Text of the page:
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Is Solar Energy Prepared to Enter a Post-Subsidy World? [VIDEO]

solar energyLet’s start out with a fact: the free market for energy is a myth

Every country uses subsidies in some way to encourage production and dictate consumption of different forms of energy. According to the International Monetary Fund, global post-tax subsidies for fossil fuels (which includes the external costs of pollution) amounted to $1.9 trillion in 2011. And IMF said that figure is an “underestimate.” The IEA also estimates that global consumption subsidies for fossil fuels reached $523 billion in 2011.

Here in the U.S., the government practically gives away taxpayer-owned coal to mining companies. It provides billions of dollars to the oil and gas industry in the form of preferential tax treatment. And the fracking boom, which is often held up as a shining example of the free market, was spurred by strong R&D funding, government cost-sharing programs, and tax credits that helped an unproven technology reach wildly successful commercial scale.

And now, of course, we have billions of dollars in specialized tax subsidies, rebates, certificate trading programs and utility programs like net metering to encourage the production of renewable energy.

The conversation around how to handle subsidies — which has become more heated as renewables scale — is where facts and opinions start bleeding together. The heated opinions about the issue were on full display at GTM’s Solar Summit this week during a panel discussion called “The Transition to a Post-Subsidy Reality.”

The debate around subsides within the U.S. solar industry is manifesting itself in different ways.

On the federal level, the looming 20 percent reduction of the investment tax credit in 2016 is raising questions about whether the industry can pull together an extension, compromise on a longer-term phase-out, or simply live on without the credit. While the trade groups in Washington are thinking about the issue, businesses around the country are more focused on the local fights that have a more immediate impact.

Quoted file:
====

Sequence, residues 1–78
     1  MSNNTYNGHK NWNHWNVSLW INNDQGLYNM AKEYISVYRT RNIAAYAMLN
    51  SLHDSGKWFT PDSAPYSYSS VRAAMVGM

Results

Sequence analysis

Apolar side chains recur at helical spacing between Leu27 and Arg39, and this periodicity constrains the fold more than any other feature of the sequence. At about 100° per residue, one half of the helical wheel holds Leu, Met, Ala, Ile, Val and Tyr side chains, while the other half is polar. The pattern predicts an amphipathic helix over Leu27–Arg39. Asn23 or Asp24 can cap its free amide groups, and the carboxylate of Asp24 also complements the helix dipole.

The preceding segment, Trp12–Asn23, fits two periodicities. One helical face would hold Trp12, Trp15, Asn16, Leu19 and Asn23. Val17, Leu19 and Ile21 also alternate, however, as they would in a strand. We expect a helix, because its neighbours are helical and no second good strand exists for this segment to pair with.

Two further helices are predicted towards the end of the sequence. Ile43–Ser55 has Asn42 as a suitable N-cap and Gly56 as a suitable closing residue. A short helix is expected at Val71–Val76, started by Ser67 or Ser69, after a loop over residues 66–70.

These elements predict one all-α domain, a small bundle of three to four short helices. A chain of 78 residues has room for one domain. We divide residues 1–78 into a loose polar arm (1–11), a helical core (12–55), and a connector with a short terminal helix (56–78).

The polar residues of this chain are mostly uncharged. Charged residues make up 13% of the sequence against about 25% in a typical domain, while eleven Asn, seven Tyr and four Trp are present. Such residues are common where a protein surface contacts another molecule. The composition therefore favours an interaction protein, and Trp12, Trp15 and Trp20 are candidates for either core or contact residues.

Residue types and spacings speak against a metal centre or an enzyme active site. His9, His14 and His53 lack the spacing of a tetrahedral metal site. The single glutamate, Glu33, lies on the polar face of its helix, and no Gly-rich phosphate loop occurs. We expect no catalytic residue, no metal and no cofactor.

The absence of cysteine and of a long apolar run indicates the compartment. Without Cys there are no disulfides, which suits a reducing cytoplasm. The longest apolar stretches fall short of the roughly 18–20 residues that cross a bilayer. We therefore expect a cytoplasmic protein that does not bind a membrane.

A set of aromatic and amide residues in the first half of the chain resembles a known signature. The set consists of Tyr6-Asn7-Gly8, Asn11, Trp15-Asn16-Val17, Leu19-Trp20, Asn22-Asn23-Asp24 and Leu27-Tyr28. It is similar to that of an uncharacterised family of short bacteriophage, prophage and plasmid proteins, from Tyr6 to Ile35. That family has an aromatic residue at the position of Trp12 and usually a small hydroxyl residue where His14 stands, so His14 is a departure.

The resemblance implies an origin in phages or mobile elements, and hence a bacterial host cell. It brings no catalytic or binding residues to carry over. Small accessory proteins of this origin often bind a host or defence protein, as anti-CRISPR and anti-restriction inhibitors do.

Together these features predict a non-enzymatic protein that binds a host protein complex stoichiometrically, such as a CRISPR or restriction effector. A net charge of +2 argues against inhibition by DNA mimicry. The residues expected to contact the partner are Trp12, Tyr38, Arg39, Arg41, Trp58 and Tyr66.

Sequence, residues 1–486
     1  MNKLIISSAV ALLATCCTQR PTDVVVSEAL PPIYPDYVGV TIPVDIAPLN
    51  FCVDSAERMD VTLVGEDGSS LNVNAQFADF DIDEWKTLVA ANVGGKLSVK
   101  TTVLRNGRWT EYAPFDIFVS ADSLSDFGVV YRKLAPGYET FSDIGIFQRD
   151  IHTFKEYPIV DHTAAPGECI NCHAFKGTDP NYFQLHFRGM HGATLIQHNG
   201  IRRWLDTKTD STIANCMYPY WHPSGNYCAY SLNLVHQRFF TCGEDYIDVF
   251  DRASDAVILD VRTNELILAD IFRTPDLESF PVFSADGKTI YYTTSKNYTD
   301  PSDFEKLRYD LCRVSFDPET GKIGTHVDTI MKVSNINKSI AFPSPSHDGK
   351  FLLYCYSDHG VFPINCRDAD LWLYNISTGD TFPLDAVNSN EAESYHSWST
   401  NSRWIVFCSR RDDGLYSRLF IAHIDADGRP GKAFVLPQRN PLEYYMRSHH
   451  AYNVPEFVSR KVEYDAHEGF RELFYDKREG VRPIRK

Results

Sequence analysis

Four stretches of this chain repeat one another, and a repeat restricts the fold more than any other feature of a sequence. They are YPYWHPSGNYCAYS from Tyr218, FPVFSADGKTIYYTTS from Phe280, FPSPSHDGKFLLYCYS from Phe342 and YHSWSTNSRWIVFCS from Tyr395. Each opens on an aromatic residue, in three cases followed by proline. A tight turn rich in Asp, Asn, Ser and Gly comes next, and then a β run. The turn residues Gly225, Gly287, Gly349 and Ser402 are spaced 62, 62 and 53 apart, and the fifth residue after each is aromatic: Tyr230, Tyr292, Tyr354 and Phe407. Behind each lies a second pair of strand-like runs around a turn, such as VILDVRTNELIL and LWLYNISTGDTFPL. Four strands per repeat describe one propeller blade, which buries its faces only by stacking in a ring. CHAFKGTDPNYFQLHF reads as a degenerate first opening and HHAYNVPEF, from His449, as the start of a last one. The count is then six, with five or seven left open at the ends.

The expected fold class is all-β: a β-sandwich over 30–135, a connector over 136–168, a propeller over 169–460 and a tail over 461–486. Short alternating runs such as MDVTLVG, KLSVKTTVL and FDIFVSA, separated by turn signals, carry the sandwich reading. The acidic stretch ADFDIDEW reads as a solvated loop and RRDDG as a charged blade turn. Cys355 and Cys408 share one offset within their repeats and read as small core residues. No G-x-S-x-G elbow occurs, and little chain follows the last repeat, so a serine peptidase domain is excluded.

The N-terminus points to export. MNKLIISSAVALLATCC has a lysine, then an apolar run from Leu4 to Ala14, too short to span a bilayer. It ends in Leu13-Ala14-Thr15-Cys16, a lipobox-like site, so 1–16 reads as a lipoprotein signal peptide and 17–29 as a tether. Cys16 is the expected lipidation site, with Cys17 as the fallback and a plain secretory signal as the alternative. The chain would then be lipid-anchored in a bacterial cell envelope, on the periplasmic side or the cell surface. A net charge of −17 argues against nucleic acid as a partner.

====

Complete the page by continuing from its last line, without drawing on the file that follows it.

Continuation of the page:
On the state level, there’s a growing political campaign among conservative groups to repeal or water down renewable energy targets through the legislature. While those efforts have failed thus far, many utilities are already far ahead of their procurement targets — effectively creating the same outcome. Colorado’s “solar cliff” is proof of that.

But the true battle over subsidies is on the individual utility level, where a number of companies are working to cap or kill net metering as more distributed energy comes on-line. The utilities say the solar industry is spreading too many costs to ratepayers who can’t afford solar, while also failing to pay its fair share for transmission and distribution infrastructure. The solar industry says the utilities are threatened by the rapid emergence of distributed energy and are trying to suppress a technology that threatens their outdated business model.

Whatever your opinion on the reasons behind utility restrictions, the impact isn’t good for solar.

“The residential solar industry will be crippled if net metering goes away,” said Bryan Miller, vice president of public policy and power markets at Sunrun, in an interview. Given that Sunrun is one of the largest providers of residential solar leases in the country, the company isn’t hiding its willingness to fight in public.

At this week’s summit in Arizona — a state where nearly all solar incentive programs are getting dismantled — Sunrun’s CEO, Ed Fenster, came ready to throw some punches at Arizona Public Service for its solar policies. The relationship between utilities and solar companies has always been somewhat tenuous. But this week’s panel discussion was a notable change in tone. The net metering issue is definitely where battle lines are being drawn on the subsidy issue for solar.

Pull up a chair, get some popcorn and watch the session below. Then let us know your reaction to the discussion.

 
 

greentech mediaGreentech Media (GTM) produces industry-leading news, research, and conferences in the business-to-business greentech market. Our coverage areas include solar, smart grid, energy efficiency, wind, and other non-incumbent energy markets. For more information, visit: greentechmedia.com , follow us on twitter: @greentechmedia, or like us on Facebook: facebook.com/greentechmedia.

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Nathan Wilson's picture
Nathan Wilson on April 27, 2013